Sheila McCann, founder of House of Bread Bakery Café, says foodservice has similarities to her former occupation as a criminal trial attorney.
“You have to give it your undivided attention and always think on your feet,” she says. “Foodservice matches my personality. I like the fast-paced environment and I like people—a trait that helps me treat both customers and employees better.”
The foundation of the business McCann started when she moved from the courthouse to the House of Bread is, of course, bread—from 9-Grain and Garden Herb to Apricot Walnut and Cinnamon Swirl—and it is all made from fresh, organic, stone-milled wheat flour. Several standard breads are available every day for about $5 a loaf, with rotating specials like Apple Cinnamon Swirl selling for up to $6.75 a loaf.
“All bread has five basic ingredients: honey, water, yeast, salt, and flour,” McCann says. “And because bread is mostly flour, the freshness of the flour is key. You have to start with fresh flour, because fresh flour is better for you and makes a tastier bread.”
Fresh flour also makes for high-quality muffins, scones, cookies, and cinnamon rolls at House of Bread. The bread, meanwhile, makes for high-quality sandwiches, which House of Bread sells for about $7.
McCann started House of Bread in San Luis Obispo, California, a city of about 43,000 midway between Los Angeles and San Francisco. The company store there is joined by six franchised locations sprinkled throughout the West in Alaska, California, Nevada, New Mexico, and Utah. McCann says the West is also where the concept is likely to grow during her second attempt at franchising.
After four successful years with one location, House of Bread started franchising in 2000, and by 2003 had 10 locations. The company then ran smack into the low-carb craze, one of a number of factors McCann says caused franchising efforts to drop off and brought the number of stores down to seven by the beginning of 2010. Now, however, she’s tweaked the concept and is ready to grow again. Despite the lingering recession, McCann is hoping to sell six new franchises by the end of the year.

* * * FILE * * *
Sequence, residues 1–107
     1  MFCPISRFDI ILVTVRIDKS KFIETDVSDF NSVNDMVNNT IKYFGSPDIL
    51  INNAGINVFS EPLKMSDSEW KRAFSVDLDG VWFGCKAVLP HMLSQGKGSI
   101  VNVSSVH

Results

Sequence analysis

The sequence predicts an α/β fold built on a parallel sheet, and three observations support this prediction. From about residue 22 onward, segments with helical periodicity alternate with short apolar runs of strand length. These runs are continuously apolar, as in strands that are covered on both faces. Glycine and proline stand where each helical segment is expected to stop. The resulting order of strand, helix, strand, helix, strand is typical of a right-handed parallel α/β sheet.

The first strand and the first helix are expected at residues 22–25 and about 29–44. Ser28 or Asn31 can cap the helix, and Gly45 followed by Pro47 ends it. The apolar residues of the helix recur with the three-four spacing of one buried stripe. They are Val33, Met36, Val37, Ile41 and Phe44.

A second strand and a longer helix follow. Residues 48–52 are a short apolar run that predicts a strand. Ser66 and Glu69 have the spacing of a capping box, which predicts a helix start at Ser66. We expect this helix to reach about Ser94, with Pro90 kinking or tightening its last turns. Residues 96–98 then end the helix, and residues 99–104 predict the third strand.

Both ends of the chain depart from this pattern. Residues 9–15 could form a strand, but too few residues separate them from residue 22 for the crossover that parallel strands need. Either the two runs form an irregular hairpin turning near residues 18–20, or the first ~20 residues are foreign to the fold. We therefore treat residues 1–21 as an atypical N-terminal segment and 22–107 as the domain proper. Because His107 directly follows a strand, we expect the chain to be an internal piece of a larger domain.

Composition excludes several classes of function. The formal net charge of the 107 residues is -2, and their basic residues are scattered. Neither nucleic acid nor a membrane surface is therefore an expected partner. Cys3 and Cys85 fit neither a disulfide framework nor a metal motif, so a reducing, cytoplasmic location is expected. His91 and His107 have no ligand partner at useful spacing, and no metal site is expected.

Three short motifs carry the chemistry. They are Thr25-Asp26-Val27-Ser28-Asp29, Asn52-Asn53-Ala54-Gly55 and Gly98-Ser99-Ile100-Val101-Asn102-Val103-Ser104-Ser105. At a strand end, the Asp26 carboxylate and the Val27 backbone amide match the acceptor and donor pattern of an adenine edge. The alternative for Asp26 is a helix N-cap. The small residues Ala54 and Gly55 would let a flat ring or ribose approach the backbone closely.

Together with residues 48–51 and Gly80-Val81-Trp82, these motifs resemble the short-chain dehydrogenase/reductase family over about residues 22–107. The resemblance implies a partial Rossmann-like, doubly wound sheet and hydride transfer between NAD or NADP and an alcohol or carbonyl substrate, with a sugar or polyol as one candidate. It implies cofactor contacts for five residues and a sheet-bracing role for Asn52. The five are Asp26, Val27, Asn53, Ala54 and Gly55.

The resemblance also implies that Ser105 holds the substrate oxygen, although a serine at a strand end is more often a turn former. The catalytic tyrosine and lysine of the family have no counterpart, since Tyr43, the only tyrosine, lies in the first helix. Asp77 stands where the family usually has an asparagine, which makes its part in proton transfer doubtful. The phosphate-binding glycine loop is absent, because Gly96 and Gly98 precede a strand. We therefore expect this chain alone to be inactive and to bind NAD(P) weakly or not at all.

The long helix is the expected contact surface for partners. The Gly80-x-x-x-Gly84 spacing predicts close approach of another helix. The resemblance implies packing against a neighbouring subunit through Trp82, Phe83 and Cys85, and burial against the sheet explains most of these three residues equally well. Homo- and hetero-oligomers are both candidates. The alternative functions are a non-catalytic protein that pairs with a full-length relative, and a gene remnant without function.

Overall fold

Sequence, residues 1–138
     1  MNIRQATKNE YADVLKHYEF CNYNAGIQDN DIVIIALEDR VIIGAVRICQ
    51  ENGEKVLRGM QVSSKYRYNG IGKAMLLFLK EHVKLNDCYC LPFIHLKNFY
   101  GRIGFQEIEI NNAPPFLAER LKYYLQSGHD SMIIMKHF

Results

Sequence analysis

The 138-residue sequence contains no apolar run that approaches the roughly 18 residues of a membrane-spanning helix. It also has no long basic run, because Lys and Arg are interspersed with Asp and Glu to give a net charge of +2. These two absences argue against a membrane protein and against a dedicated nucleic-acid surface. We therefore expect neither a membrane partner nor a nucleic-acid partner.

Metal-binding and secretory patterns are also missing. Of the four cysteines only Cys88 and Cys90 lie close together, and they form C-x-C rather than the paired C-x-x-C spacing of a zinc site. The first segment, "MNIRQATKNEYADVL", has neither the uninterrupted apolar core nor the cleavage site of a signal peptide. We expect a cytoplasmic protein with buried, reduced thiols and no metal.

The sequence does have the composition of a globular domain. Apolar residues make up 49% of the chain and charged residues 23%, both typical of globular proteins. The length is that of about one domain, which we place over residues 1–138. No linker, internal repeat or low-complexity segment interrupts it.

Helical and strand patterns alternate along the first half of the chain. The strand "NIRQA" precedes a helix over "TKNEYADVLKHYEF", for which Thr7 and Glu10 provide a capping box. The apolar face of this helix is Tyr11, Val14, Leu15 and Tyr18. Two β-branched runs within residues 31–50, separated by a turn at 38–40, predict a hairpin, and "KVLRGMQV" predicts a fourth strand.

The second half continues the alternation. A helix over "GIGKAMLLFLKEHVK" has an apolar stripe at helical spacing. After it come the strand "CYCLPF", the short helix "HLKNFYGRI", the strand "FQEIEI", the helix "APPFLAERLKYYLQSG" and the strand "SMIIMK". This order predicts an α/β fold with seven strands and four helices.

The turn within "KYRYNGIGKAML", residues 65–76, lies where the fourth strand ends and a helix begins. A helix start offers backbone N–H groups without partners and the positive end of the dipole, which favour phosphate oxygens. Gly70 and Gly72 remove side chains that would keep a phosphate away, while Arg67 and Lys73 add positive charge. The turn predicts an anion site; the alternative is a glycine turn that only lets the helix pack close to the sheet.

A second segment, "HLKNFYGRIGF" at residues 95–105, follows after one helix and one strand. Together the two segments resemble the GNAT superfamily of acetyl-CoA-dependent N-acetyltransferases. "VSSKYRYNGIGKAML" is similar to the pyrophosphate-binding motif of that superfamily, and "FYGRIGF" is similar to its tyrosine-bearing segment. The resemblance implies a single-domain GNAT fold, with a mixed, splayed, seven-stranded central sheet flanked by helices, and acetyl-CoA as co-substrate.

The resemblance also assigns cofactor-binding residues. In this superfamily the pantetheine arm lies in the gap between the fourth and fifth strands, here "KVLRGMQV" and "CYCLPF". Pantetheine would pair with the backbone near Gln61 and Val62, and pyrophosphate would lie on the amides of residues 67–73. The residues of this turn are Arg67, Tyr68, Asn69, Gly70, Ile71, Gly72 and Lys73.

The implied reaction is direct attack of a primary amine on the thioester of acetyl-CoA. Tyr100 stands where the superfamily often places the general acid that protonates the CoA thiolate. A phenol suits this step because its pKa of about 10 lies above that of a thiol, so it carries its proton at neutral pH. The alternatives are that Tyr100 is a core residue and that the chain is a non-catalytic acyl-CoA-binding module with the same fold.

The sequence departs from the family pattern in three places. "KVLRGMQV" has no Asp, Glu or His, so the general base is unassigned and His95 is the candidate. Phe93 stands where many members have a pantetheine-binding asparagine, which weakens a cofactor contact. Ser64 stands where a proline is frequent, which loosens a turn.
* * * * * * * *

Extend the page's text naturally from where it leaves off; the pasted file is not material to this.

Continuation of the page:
“We’re really more affected by food trends than economy,” McCann says. “Our in-store retail sales have stabilized through this economy because while a loaf of bread is $5 here, more people are eating at home, and they are more willing to spend a little more on a really good loaf of bread.”
Now McCann is combining that good bread with improved operations and broader offerings that include lunch.
“When I started franchising in 2000, I hired a consultant who just sold franchises and left me to deal with them,” she says. “This time I brought in consultants for operations, not sales.”
House of Bread Bakery Café
Founder: Sheila McCann
HQ: San Luis Obispo, California
Year Started: 1996
Annual Sales: $1.7 million
(for 6 bakeries in 2009)
Total Units: 7
Franchise Units: 6
Adding the words Bakery Café to the House of Bread name and making lunch mandatory in all locations were just a few of the changes. Stores are undergoing the remodel required to serve sandwiches, soups, and salads in addition to bread and baked goods. An updated point-of-sale system was incorporated as well, to make stores more efficient.
“Now the walls are covered in pictures of sandwiches,” McCann says of the remodels. “Fast food has taught customers to look in front of them and see pictures. People are very visual. It’s made a big difference.”
Outdoor seating also brings in more customers, she says. “Outdoor seating captures attention even when weather isn’t good,” McCann says. “It changes people’s perception and says ‘food.’ … Umbrellas say ‘food’ whether people end up eating outside or not.”
House of Bread chose Boar’s Head Provisions Co. to provide the meats and cheeses used in its sandwiches. McCann says these meats and cheeses contain no fillers, gluten, artificial colors, or trans fats, making them a good match for the quality of the bread. Sandwich options include a House of Bread Club with turkey, ham, and cheddar; the Cranky Turkey with turkey, dried cranberries, and cream cheese; and a Veggie Delight with avocado slices, cream cheese, artichoke hearts, lettuce, tomato, red onion, olive oil, and balsamic vinegar.
“We decided if we were going to do lunch we didn’t want to do it half way,” McCann says. “We offer really high-quality sandwiches any time, so a customer can come in at 7 a.m. and get a sandwich to go for lunch.”
McCann says the lunch offerings and the glass display cases that show off bread and baked goods set House of Bread apart from competitor Great Harvest Bread Co.
On the other hand, simply offering sandwiches does not make House of Bread another Panera Bread, either.
“Panera is a restaurant,” she says. “We’re more grab-and-go. Most of our sales are carryout.”
House of Bread is also no Starbucks with bread—though it does sell coffee.
“We have very good coffee, but at my company location I sold my cappuccino machine,” McCann says. “It’s not our focus. I tried to go after that market, but that was swimming upstream. People come into our stores expecting a good bakery, but they’ll come in carrying Starbucks in a mug.”
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